In case where a container is packed in multiple places, any certification and approval requirements that may be established by the State where the last contents were packed into the container
What are the shippers’ responsibility?
- VGM Measurement: shipper has to measure VGM, using method 1 or 2. The shipper of carrier’s bill of lading is the primary responsible party to measure VGM;
- VGM Finalization: the shipper has to finalised the VGM. The finally confirmed VGM by the shipper shall be communicated to the carrier and/or terminal operator;
- VGM Submission: shipper of the carrier’s bill of lading has to verify and provide VGM to the ocean carrier and port terminal representative prior to it being loaded onto a ship.
How does the information flow?
Find more information here on the IMO Guidelines regarding the verified gross mass of a container carrying cargo
Entry into force of the new Union Customs Code
The Union Customs Code (UCC) was adopted on 9 October 2013 and entered into force on 1 May 2016.
The UCC has been designed to integrate the rules adopted at international level by the World Customs Organisation, in particular the SAFE Framework of Standards to Secure and Facilitate Global Trade (SAFE Framework).
This SAFE framework is based on the need to have a strong partnership between the operators and the customs authorities, which led to the creation of the status of Authorised Economic Operator (AEO). This AEO status has become more and more vital for operators who wish to benefit from custom facilitation. PROMARITIME is in the process of being granted this status of AEO.
Changes brought by the UCC:
- improving the simplicity of customs processes and procedures across the Customs Union, it reduces the administrative burden on operators, and seeks an harmonised implementation across the EU.
- taking into account the daily needs and existing practices of trade, and it allows for example the use of electronic transport manifests for customs purposes.
- facilitating further automation of all exchange and storage of information, through additional IT systems that integrate the new processes and legal requirements (ex: EU portals to trade).
- shortening from 6 to 3 years the period of validity of the decisions on tariff classification and origin, to better adapt to a rapidly changing world.
A transition period for the full implementation of the UCC has been introduced in order to allow Member states authorities to develop new IT systems or upgrade existing ones in order to fully implement the legal requirements. Therefore, not all of these systems will be in place on 1 May 2016. This transition period lasts until 31 December 2020 at the latest.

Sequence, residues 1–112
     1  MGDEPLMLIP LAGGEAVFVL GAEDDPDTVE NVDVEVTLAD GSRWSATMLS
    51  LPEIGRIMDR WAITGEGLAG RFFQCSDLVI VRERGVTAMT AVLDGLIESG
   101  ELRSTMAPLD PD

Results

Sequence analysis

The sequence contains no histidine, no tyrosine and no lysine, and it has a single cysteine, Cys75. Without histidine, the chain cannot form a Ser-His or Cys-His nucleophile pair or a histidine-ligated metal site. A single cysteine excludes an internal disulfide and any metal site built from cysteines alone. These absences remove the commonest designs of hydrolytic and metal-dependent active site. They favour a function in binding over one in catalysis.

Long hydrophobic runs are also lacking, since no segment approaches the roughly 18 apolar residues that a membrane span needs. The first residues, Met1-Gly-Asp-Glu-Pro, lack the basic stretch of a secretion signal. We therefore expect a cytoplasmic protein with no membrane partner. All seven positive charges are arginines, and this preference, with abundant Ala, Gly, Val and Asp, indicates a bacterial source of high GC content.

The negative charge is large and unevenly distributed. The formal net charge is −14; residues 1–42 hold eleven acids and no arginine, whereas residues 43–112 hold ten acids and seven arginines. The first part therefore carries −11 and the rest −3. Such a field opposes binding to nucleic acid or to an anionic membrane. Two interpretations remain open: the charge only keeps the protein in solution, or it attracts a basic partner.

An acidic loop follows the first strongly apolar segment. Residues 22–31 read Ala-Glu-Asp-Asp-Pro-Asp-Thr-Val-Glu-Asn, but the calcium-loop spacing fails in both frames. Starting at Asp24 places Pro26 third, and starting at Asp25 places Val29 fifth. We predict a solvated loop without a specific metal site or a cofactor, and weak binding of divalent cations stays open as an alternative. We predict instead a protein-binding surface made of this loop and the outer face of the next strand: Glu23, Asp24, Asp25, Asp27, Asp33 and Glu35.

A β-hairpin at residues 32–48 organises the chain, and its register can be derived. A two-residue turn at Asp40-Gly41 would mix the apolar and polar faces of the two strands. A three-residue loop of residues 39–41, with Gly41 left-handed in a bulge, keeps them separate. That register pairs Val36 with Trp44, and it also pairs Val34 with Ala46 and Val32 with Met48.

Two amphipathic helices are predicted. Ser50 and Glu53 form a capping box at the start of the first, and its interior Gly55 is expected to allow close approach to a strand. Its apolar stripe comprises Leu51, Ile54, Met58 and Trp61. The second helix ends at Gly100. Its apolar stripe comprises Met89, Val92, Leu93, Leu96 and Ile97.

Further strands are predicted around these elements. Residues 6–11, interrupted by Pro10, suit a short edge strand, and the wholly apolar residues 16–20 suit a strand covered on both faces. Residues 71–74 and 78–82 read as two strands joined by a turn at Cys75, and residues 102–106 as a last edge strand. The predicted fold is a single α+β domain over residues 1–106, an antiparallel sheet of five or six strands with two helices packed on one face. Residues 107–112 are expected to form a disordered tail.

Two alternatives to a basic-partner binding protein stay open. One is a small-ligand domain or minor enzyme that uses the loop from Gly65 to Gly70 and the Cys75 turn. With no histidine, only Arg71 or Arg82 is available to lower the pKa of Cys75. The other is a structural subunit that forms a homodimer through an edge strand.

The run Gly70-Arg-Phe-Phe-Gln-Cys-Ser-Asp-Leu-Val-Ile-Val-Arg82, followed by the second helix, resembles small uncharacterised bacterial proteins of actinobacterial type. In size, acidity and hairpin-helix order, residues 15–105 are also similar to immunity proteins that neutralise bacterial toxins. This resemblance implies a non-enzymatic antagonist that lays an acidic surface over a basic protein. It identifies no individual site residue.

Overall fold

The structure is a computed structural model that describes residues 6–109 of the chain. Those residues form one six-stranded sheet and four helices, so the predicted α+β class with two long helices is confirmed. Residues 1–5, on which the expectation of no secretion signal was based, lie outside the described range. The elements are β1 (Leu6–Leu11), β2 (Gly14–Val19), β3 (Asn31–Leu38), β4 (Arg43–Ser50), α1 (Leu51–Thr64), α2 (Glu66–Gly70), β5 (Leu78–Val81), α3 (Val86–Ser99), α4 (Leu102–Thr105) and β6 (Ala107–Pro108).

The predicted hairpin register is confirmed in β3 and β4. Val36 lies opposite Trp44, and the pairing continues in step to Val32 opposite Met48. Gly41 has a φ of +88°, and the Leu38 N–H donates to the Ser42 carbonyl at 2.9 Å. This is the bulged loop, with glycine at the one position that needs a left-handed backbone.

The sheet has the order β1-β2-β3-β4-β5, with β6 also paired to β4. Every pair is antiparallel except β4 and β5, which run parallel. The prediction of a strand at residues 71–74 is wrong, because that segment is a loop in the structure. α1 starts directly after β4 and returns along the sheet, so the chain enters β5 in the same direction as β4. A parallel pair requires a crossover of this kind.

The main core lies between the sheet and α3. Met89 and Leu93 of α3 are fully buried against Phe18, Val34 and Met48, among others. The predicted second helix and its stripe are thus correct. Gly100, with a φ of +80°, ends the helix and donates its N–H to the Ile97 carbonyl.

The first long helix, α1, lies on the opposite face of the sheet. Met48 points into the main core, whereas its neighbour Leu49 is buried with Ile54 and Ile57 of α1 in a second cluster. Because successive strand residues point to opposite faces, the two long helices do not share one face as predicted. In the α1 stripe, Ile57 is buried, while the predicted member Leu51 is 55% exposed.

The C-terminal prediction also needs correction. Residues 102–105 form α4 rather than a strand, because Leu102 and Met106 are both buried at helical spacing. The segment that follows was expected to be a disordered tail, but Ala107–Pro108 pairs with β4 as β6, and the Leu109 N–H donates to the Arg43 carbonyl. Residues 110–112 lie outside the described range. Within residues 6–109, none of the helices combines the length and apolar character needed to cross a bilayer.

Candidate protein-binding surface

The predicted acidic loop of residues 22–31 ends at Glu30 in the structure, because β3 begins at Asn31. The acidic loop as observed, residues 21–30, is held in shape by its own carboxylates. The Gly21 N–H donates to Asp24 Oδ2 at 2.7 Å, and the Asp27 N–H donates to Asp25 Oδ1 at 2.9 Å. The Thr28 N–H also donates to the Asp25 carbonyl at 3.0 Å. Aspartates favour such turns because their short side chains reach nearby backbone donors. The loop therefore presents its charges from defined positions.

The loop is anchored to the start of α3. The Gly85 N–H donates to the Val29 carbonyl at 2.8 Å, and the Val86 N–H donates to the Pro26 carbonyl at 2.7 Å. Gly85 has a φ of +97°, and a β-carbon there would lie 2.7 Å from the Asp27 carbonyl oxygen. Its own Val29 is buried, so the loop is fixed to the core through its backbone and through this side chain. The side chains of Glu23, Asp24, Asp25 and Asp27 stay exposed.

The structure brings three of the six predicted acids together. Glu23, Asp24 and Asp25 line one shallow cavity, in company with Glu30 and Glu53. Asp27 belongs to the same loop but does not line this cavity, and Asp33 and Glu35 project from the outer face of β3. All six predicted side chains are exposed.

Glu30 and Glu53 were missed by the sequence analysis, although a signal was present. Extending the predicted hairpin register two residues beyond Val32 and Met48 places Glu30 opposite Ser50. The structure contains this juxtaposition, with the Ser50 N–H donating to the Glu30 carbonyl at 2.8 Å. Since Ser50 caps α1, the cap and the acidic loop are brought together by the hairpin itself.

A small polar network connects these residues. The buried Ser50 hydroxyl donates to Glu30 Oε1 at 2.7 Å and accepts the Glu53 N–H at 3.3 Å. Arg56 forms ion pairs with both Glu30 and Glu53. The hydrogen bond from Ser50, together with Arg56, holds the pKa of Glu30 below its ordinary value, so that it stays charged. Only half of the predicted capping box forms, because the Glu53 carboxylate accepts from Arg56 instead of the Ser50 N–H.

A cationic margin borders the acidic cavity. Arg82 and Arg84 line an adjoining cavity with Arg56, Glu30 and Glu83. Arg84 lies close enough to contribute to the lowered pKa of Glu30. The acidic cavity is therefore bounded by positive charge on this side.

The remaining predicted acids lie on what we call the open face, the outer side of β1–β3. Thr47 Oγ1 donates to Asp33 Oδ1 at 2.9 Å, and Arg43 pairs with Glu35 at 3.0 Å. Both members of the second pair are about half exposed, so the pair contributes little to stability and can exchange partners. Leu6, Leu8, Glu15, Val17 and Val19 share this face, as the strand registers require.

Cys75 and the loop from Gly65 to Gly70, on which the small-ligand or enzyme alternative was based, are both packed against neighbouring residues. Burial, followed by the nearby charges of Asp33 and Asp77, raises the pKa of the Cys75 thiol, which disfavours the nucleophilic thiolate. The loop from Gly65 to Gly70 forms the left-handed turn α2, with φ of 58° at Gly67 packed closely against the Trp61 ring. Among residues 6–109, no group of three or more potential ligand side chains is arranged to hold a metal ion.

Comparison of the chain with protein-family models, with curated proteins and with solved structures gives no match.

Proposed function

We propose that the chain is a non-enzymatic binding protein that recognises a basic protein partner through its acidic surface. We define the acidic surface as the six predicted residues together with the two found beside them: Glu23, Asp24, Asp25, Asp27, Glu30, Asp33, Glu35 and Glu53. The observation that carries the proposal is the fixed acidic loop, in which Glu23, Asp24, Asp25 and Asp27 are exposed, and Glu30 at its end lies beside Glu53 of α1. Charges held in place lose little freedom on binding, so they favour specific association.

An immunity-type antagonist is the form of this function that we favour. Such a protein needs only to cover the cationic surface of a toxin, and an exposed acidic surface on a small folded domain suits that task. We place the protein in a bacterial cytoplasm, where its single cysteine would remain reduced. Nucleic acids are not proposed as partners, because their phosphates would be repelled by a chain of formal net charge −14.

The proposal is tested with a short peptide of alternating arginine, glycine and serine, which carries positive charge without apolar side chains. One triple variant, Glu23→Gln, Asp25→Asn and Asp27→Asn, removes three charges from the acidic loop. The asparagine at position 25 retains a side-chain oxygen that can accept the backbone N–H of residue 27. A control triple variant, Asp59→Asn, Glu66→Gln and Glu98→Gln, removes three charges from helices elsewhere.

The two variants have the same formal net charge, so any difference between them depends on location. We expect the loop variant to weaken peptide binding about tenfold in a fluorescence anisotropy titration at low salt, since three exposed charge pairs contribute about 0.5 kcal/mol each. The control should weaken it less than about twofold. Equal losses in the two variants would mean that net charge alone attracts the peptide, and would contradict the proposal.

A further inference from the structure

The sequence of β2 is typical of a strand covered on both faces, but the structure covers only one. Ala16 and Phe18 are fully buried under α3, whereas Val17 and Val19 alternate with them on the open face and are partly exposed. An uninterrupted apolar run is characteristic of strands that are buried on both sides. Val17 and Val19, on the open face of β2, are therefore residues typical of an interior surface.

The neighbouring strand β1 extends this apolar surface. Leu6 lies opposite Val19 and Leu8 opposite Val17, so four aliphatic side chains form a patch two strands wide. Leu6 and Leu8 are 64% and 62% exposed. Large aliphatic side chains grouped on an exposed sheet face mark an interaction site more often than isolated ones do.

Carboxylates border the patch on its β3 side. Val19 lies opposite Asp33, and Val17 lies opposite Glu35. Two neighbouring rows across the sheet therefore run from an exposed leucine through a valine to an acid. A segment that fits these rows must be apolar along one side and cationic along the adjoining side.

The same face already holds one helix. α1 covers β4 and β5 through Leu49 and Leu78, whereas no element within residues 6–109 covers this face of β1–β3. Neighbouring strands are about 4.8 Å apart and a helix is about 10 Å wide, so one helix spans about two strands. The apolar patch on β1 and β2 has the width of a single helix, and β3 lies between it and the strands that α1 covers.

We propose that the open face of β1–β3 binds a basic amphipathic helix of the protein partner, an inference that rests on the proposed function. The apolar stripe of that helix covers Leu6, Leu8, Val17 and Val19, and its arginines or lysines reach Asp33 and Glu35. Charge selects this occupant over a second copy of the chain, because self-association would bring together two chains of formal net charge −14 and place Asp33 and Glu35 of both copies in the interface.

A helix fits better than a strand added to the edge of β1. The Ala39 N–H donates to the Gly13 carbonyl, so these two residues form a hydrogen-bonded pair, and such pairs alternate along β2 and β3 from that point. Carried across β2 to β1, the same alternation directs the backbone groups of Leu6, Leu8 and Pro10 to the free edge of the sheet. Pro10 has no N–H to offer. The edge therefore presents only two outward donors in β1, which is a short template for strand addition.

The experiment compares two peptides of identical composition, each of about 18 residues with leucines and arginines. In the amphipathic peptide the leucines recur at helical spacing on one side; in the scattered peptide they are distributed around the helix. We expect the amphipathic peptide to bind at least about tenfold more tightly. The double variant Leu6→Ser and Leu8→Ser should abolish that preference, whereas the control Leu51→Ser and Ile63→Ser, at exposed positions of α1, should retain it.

Moreover, changes will be soon adopted to the UCC to cover goods that have temporarily left the customs territory by sea or air on their way to their final destination. This will correct an omission in the current Customs Code that left the national customs authorities without the appropriate legal backing to perform standard customs checks on these goods upon arrival to their final destination inside the Union after transit without stops outside the territory Customs Union (find out more here)
More information on the UCC here.
PROMARITIME AT A GLANCE
PROMARITIME was created in 1993 & is headed by Eric LELIEVRE (founder and shareholder). It had a turnover of 25M€ in 2015.
PROMARITIME qualifications: FONABSA – LVMG – SQAS – AEO
PROMARITIME International and his skilled staff is offering tailor made logistics solutions in a wide range of services:
Liner services :
Weekly services to Morocco (containers) and Finland / Russia (multimodal including overgauged). Bi-monthly RORO services to West Africa, MEA and India.
Shipping agency & chartering :
Established as shipping agent in Normandy in the ports of Rouen, Dieppe & Le Havre. Chartering service for heavy lifts and conventional vessels.
Handling & port operations :
Specialized in port operations , including the coordination of port operations for heavy lifts and offshore wind fields.
Agri Agro department :
Managing and transporting food products: warehousing & consolidation shipments, solutions for full dry or reefer containers, bulk chartering...
Forwarding, customs & consolidation :
Full range of services for import and export cargoes (FCL/ LCL). Customs department capable of clearing food and all kind of goods.
Project management & supply chain :
Chartering of different kinds of commodities and offers complete project logistics services, especially in oil and gas activities.